War on Terrorism

Wednesday, April 06, 2011

West Virginia Guard member looks back at Desert Storm

By Army Sgt. Debra Richardson
201st Field Artillery

CAMP BUEHRING, Kuwait (4/6/11) - Army Sgt. 1st Class John Oliverio is one of 20 soldiers currently deployed with West Virginia Army National Guard’s 201st Field Artillery, who served with the same unit during Operation Desert Shield and Storm about 20 years ago.

The 201st was one of only five National Guard units that deployed in support of Operation Desert Shield.

“We received our activation notice Dec. 4, 1990 and by Dec. 9, we were completely packed and enroute to Fort Campbell, Ky.,” said Oliverio, who was a supply sergeant at the time.

“We traded in our old Vietnam-era jeeps for new Humvees. We loaded up our assigned M109 howitzers on ships to send overseas.”

Following the new assignment, the unit’s green camouflage equipment had to be painted, desert tan.

“Because we were National Guard, we weren’t issued desert uniforms,” Oliverio said. “We wore our green BDUs up until we were preparing to return home.”

“This was a true integration of National Guard, Reserve and active Army,” he said. “This experience really portrayed the citizen-soldier as truly competent and capable soldiers.”

A 15-hour flight through Europe brought the 201st to Dhahran, Saudi Arabia on Feb. 2. After a few weeks, the battalion traveled 510 miles north to Rafha, Saudi Arabia to stage as part of the ground force.

“We were part of General Schwarzkopf’s famous ‘student body left’ or ‘Hail Mary’ move,” Oliverio said. “We were the western most located U.S. unit in Rafha. There were only two other units to our left: the French 6th Light Division and French Foreign Legion. To our right was the 82nd Airborne Division.”

The 201st was attached to the 18th Airborne Corps out of North Carolina.

“On Feb. 17, which was the 256th birthday of the 201st, we fired a few hundred rounds of preparatory fire into Iraq,” he said.

“A full week before the ground war began, we were targeting an escarpment, or cliff, where Iraqis were located,” Oliverio said. “We had to secure that route for the French and ourselves for future movement.”

A week later, the 201st was moving north with the French Legion in leap-frog fashion to reach As Salman, Iraq. It took two days.

Oliverio rode in a 2.5 ton truck, known as a deuce and a half, behind the howitzers as the 201st unit pressed north. There was little time for sleep, showers, or hot meals.

“I discovered you could only be so dirty until you started making everything else around you dirty,” he said. “We used baby wipes to maintain hygiene and we conserved as much water as possible.”

While traveling, the unit stopped at various supply points set up along the route. The points provided fuel, water, and food rations.

After obtaining its objective in Iraq, the 201st turned east toward Kuwait.

“Upon arriving in Kuwait, the cease-fire was announced,” Oliverio said. “We were all hopeful that the cease-fire meant we were going home.”

As active duty Army units began flying home, the 201st was instructed to return to Iraq to diffuse riots in Basrah.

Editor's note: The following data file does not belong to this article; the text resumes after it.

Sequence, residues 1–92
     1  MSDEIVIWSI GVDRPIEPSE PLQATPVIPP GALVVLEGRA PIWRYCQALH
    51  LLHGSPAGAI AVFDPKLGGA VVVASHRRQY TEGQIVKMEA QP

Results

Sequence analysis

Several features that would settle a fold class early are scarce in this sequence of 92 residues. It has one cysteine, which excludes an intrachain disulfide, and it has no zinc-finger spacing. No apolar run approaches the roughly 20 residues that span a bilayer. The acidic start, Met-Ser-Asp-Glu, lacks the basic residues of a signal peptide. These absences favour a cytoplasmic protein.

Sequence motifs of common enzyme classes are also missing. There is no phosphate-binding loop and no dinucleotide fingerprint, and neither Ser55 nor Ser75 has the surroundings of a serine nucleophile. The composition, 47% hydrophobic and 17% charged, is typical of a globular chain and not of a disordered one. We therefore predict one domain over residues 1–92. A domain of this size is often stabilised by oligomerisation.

“Throughout the campaign, we were told not to take prisoners,” Oliverio said.

“We were instructed to give them [Iraqi soldiers] water and an MRE, and instruct them to sling their rifles over their shoulders with the barrel pointing down,” he said.  “We confiscated their ammo and pointed them south, toward Saudi Arabia.”

After things calmed down, the 201st moved back into Saudi Arabia to the King Khalid Military City or KKMC.

“At KKMC, we finally received hot meals, showers and toilets,” Oliverio said. “I moved from primitive living to modern wooden latrines and showers. We had to burn the waste but it was still a step up and much appreciated.”

After many delays, the 201st arrived back at W.Va. mid May, 1991. The state heroes received individual welcome home receptions at all the local airports followed by a huge parade a few months later. The soldiers marched from east to west Fairmont as thousands of people cheered along the parade route.

“The parade was the highlight of coming home,” he said.

“The streets were filled with people and when we turned into the stadium, I was overwhelmed by sheer number of people filling the stands.” Oliverio said. “I was helping the first sergeant call cadence but the crowd was so deafening, the soldier beside me couldn’t even hear me. It’s a memory that will last a lifetime.”

“The cheers from the crowd were more deafening than the cannon fire during the campaign,” he said.

During the campaign, the 201st fired a total of 447 high explosive rounds. The unit traveled 1,850 miles, from start to finish and  is recorded as having traveled farther than any other unit during the ground war, for a total of 362 miles.

“While I am very proud of all our accomplishments in what became Desert Storm, I am most proud that throughout numerous enemy engagements, we didn’t suffer a single casualty,” Oliverio said. “All my West Virginia boys came back home, and in the end, that’s what really mattered.”

Oliverio, a human resource specialist is currently deployed in support of Operation New Dawn. This marks his third deployment, having also served in 2004-05 in support of Operation Iraqi Freedom.

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